Anal gland cancer, also known as adenocarcinoma, is an invasive cancer with a poor prognosis. Fortunately it is not one of the more common cancers in dogs and rare in cats.
Anal gland cancer is seen as a rectal mass, often found in the lymph nodes as well. The tumor usually affects one anal sac but can involve both sacs. It is a malignant cancer that usually metastasizes quickly to other parts of the body.
While the cause as with most cancers is unknown, it can be seen when there is a parathyroid hormone imbalance (PTH) and when hypercalcemia is present. Hypercalcemia occurs when calcium in the blood is abnormally high.
Symptoms can be difficulty defecating and urinating, lethargy, inappetance accompanied by weight loss, vomiting, muscle weakness and often a slow heart rate.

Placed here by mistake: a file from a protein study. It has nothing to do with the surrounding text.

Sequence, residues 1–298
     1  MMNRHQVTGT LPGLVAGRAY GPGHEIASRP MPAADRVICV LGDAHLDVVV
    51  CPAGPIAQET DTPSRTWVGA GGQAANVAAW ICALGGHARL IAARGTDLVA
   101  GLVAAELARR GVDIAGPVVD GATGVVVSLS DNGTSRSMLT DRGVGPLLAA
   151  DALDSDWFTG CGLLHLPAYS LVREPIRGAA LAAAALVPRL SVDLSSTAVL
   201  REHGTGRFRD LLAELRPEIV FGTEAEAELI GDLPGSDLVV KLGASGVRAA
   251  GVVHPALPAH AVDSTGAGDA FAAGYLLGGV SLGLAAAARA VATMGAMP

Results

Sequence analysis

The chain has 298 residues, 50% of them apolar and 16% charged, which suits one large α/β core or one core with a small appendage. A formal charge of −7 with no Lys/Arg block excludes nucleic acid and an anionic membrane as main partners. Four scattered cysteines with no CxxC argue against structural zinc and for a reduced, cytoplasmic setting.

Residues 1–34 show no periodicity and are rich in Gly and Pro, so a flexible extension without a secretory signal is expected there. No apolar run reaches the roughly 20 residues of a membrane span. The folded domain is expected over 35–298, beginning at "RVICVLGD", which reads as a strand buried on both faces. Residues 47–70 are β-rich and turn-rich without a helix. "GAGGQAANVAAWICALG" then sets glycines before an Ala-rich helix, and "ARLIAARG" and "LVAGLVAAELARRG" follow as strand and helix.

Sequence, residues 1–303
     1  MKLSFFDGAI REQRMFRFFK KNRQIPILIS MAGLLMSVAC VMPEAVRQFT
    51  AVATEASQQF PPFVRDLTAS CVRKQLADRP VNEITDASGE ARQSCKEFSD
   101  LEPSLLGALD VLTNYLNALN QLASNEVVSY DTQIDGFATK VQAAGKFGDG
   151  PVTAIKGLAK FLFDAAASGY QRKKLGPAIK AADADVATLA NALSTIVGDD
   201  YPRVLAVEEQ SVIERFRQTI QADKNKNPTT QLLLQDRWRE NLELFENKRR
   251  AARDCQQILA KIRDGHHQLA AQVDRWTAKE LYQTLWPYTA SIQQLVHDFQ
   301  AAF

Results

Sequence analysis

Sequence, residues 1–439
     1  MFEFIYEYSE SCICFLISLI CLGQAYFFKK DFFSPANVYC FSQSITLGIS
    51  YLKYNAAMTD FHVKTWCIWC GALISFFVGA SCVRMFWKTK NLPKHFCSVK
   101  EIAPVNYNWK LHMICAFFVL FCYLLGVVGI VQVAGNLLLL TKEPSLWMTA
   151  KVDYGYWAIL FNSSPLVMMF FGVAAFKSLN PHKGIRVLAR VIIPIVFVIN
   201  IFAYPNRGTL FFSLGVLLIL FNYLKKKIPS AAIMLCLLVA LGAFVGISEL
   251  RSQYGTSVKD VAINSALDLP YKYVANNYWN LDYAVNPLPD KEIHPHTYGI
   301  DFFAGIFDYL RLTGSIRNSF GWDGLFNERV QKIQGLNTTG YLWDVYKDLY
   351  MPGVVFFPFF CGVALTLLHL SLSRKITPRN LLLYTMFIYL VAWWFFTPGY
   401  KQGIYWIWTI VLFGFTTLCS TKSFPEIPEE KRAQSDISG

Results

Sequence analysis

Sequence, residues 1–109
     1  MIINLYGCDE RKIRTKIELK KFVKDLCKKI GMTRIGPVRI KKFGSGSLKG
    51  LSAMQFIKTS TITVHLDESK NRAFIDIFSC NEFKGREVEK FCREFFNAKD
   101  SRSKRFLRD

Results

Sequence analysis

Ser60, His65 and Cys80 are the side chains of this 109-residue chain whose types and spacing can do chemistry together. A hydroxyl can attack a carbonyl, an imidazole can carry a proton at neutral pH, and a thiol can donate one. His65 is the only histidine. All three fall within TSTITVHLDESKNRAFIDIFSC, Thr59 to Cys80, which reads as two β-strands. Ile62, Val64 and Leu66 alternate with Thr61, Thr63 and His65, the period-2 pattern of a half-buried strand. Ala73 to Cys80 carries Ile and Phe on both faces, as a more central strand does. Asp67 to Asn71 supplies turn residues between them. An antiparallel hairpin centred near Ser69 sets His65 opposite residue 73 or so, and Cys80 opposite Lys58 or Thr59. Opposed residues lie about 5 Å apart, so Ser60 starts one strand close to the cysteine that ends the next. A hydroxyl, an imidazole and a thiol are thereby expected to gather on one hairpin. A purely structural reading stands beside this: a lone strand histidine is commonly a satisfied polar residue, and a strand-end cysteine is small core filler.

Your vet will be able to feel a mass when palpating the area. A fine needle aspirate or tissue biopsy will confirm the type of tumor. Further tests include blood tests, parathyroid hormone test, urinalysis, x-rays and/or ultrasound to determine if the cancer has spread.
Treatment recommended is surgical removal of the tumor with wide margins to try and include all existing cancer cells.
Although spread of the cancer may not be visible at the time, it may already have metastasized to other organs of the body.
Chemotherapy is sometimes given to attempt to kill any remaining cancer cells. Radiation therapy is sometimes advised if surgery is not an option or to remove any remaining cancer cells.
Risks with anal gland surgery include permanent nerve damage leading to fecal or urinary incontinence, difficulty defecating.
Sadly, by the time anal sac cancer is diagnosed, it has already metastasized. Holistic vets have had some success increasing survival time with the use of Vitamin C therapy and herbs.